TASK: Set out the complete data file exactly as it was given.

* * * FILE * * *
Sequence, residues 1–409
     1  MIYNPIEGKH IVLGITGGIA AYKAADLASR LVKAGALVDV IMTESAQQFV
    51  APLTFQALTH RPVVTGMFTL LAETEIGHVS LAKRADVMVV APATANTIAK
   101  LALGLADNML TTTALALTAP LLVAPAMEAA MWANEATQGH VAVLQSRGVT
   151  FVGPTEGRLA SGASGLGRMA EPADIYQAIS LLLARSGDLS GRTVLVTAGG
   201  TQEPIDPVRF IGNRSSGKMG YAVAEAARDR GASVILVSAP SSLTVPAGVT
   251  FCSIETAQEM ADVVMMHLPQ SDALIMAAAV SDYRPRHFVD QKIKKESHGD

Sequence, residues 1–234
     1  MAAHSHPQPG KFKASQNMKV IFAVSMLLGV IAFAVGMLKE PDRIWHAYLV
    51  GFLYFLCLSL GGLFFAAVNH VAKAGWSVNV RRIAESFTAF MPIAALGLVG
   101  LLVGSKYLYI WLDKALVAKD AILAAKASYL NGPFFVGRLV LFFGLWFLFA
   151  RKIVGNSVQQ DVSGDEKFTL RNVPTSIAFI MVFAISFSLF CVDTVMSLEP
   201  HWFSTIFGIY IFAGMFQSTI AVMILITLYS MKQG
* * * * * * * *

Sequence, residues 1–409
     1  MIYNPIEGKH IVLGITGGIA AYKAADLASR LVKAGALVDV IMTESAQQFV
    51  APLTFQALTH RPVVTGMFTL LAETEIGHVS LAKRADVMVV APATANTIAK
   101  LALGLADNML TTTALALTAP LLVAPAMEAA MWANEATQGH VAVLQSRGVT
   151  FVGPTEGRLA SGASGLGRMA EPADIYQAIS LLLARSGDLS GRTVLVTAGG
   201  TQEPIDPVRF IGNRSSGKMG YAVAEAARDR GASVILVSAP SSLTVPAGVT
   251  FCSIETAQEM ADVVMMHLPQ SDALIMAAAV SDYRPRHFVD QKIKKESHGD

Sequence, residues 1–234
     1  MAAHSHPQPG KFKASQNMKV IFAVSMLLGV IAFAVGMLKE PDRIWHAYLV
    51  GFLYFLCLSL GGLFFAAVNH VAKAGWSVNV RRIAESFTAF MPIAALGLVG
   101  LLVGSKYLYI WLDKALVAKD AILAAKASYL NGPFFVGRLV LFFGLWFLFA
   151  RKIVGNSVQQ DVSGDEKFTL RNVPTSIAFI MVFAISFSLF CVDTVMSLEP
   201  HWFSTIFGIY IFAGMFQSTI AVMILITLYS MKQG